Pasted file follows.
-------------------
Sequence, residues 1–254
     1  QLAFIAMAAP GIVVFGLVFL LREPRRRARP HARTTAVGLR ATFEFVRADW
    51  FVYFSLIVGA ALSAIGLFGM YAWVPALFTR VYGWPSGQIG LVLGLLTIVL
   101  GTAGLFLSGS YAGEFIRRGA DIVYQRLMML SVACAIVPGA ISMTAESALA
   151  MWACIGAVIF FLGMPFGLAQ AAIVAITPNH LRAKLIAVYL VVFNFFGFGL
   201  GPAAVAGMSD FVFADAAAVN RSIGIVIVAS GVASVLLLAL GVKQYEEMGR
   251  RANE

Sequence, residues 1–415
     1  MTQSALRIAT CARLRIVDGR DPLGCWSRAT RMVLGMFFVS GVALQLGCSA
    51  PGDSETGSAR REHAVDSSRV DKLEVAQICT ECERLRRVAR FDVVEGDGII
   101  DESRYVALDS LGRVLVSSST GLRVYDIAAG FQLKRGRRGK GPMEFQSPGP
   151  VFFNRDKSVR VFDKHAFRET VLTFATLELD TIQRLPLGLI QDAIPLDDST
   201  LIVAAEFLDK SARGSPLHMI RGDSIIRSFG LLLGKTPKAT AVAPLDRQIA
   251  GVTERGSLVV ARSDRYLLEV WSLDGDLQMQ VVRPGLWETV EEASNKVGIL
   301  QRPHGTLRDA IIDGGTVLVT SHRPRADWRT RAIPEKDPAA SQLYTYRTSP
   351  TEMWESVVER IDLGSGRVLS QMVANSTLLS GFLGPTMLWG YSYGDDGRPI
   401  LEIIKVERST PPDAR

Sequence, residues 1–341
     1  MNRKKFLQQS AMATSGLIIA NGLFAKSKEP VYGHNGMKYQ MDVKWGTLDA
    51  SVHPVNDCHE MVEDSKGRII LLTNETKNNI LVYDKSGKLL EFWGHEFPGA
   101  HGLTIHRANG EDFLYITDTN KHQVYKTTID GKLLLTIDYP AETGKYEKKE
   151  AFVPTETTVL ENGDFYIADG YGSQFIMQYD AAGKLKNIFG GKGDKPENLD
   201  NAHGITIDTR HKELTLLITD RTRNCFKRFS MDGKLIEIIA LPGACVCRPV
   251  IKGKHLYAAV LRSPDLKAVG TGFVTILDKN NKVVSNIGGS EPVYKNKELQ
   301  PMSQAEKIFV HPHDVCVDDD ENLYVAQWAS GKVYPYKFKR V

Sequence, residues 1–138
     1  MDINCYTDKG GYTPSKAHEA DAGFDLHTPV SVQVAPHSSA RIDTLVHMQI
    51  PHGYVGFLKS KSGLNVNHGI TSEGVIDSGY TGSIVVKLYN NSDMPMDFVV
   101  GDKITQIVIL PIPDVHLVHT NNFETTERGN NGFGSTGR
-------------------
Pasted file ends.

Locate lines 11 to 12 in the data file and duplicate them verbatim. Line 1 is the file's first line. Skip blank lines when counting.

   101  DESRYVALDS LGRVLVSSST GLRVYDIAAG FQLKRGRRGK GPMEFQSPGP
   151  VFFNRDKSVR VFDKHAFRET VLTFATLELD TIQRLPLGLI QDAIPLDDST